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  1. METALS Kardan University Uploaded By: Engr.Ahmad Sameer
  2. METALS  Metals are the backbone of all engineering projects and products. Various metals are used in one form or the other. Metals are found as compounds like oxides, sulphates, carbonates, phosphat es etc. in nature.  These compounds are known as ores. Ores are treated to remove the impurities and get the metal .
  3. •Metals are… Solid at room temperature, except mercury, which is liquid •Metals have… very high melting point. •Metals are… shiny when they cut. •Metals are… good conductors of heat and electricity. •Metals are… usually strong & malleable so they can be hammered into shape. METALS CHARACTERISTICS
  4. Ferrous Non-Ferrous Alloys Containing iron & Do not contain iron. A mixture of almost all are e.g. aluminium, metals, or a magnetic. copper, silver, gold, metal & small e.g. mild-steel, lid, tin etc. amount of cast-iron, tool- other substance Steel etc. Ferrous Alloys Non-Ferrous Alloys e.g. e.g. brass (copper + zinc) stainless steel bronze (copper + tin ) steel + chromium
  5. OCCURRENCE OF IRON  Iron is never available pure in nature. It has to be extracted in the form of pig iron from the various iron ores.  Pig iron is the crudest and wrought iron is the purest form of iron.  The ores from which iron is extracted are: i. Magnite : it contains 70 to 75% iron. ii. Haematite : It has about 70% iron. iii. Iron Pyrites: It has about 47% iron. iv. Siderite: It contains 40% iron
  6. PIG IRON  To remove impurities from the iron ore carbon and flux are added while melting it.  The refined product so obtained is the crudest form of iron and is called pig iron. It is cast into rough bars called pigs. Properties:  It is hard and brittle as such it is neither ductile nor malleable.  It is difficult to bend.  It melts easily. The fusion temperature is 1200 o C.
  7. PIG IRON  It can be hardened but not tempered.  It can be magnetized.  It has very high compressive strength but very weak in tension.  It does not rust.  It cannot be welded. USES: cast iron, wrought iron and mild steel are obtained by refining the pig iron. Because of its high compressive strength it is used in columns, base plates, door brackets , wheel and pipe work.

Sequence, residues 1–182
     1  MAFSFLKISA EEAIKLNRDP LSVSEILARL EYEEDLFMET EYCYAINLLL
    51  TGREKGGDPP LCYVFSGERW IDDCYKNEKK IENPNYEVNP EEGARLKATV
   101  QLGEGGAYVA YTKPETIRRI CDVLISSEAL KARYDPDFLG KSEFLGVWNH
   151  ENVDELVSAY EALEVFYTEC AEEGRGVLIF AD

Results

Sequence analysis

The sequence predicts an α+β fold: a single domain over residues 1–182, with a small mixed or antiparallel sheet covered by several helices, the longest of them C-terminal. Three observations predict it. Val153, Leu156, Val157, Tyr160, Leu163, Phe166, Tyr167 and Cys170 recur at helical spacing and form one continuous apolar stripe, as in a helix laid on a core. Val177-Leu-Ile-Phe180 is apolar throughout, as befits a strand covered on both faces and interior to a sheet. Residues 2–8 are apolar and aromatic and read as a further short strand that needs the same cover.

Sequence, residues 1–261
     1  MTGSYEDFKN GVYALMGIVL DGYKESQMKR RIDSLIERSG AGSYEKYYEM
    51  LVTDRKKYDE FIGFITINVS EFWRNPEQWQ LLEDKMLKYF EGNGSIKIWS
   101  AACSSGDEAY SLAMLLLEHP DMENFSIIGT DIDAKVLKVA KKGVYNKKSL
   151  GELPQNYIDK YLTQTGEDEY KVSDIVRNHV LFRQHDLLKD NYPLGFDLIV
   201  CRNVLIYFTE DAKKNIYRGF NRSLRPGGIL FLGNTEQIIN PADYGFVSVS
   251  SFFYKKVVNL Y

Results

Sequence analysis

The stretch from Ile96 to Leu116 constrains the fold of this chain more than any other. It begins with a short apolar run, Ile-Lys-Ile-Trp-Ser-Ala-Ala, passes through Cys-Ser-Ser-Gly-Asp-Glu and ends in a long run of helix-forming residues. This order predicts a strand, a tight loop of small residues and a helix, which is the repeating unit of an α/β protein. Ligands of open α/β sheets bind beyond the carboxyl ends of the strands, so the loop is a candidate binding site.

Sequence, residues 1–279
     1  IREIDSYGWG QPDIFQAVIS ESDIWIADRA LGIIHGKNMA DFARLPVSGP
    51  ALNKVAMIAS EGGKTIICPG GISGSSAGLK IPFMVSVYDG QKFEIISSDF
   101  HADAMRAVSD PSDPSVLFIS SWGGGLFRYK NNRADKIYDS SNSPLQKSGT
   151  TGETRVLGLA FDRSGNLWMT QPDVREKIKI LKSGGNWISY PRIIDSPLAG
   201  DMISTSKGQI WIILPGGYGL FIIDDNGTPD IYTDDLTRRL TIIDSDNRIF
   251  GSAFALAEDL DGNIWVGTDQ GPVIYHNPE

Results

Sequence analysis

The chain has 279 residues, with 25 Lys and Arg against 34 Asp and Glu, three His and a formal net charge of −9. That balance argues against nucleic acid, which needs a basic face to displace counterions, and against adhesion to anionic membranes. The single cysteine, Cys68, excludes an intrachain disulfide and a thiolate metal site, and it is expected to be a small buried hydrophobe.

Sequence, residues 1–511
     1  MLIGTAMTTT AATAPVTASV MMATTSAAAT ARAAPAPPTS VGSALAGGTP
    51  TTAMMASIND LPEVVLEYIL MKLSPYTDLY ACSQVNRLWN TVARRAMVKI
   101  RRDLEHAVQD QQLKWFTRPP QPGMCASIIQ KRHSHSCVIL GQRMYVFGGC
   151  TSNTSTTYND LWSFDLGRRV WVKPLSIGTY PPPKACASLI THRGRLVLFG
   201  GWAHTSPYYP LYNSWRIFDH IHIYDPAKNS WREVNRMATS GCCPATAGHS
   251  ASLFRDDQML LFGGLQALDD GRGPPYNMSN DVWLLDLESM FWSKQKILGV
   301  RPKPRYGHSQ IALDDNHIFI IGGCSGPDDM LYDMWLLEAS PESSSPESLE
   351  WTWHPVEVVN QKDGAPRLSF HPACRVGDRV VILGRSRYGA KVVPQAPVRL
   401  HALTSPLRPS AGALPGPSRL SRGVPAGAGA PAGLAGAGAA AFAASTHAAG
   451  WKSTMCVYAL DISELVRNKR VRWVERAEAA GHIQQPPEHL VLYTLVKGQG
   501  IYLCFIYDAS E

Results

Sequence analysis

8. CAST IRON  Pig iron is remelted with limestone and coke and poured into moulds of desired shapes and sizes to get purer product known as cast iron.  Moulding remelted pig iron removes impurity and gives a more uniform product,  Carbon contents in cast iron vary from 2 to 4.5%.
  9. CAST IRON PROPERTIES:  Its structure is coarse crystalline and fibrous.  Freshly fractured surface has grayish white appearance.  It is brittle.  It cannot withstand shocks and impacts.  It cannot be welded.  It cannot be magnetized.  It does not rust.  It is fairly hard and cannot be worked with a hand file.
  10. CAST IRON USES:  It is used for casting, rain water pipes, gratings, railings, balustrades( staircase side railing).  Because of high compressive strength it is used in making columns, supports for heavy machinery, carriage wheels etc.  It is the basic material for the manufacturing of Wrought iron and steel.
  11. WROUGHT IRON  If all the carbon and other elements in pig iron are oxidized and may be left with 0.25 percent of carbon then we obtain wrought iron.  It is by far the purest form of iron in which the total impurities do not exceed 0.5%. PROPERTIES:  Its structure is fibrous and has silky luster.  It is ductile and malleable.  It is tough and can withstand shocks and impact better than cast iron.
  12. WROUGHT IRON  It can be forged and welded.  It rusts easily  It is unaffected by saline water.  It cannot be permanently magnetized. USES : It is used in making roofing sheets, corrugated sheets, rods, gas and water pipes, boiler tubes and ornamental iron works such as grills gates and railing and window guards.
  13.  Gates
  14.  Windows
  15.  Railings and fence
  16. STEEL  The essential difference between cast iron and steel is the amount of their carbon contents.  Steel goes on becoming harder and tougher with the increase in its carbon contents.  Up to a content of 1.5% all the carbon gets into chemical combination with iron and none of its exist in free state.  If carbon contents increase beyond 1.5% then it does not combine with iron and is present as free graphite. At this stage metals falls in a category of cast iron.
  17. STEEL  For a material to be classified as steel there should be no free graphite in its composition.  If there is any free graphite in it then it falls in the category of cast iron.
  18. CLASSIFICATION OF STEEL  Depending upon carbon content steel is classified into following categories. Steel Carbon content 1. Dead steel < 0.15% 2. Mild steel 0.15 to 0.3% 3. Medium carbon steel 0.3 to 0.8% 4. High carbon steel 0.8 to 1.5% High carbon steel with carbon percentage over 1% is also known as cast steel or carbon tool steel
  19. MILD STEEL  Steel where carbon content is 0.15 to 0.3% is called mild steel, low carbon steel or soft steel.  It is ductile and malleable.  It is more tough and more elastic than wrought iron and cast iron. It corrodes easily.  It is equally strong in tension and compression.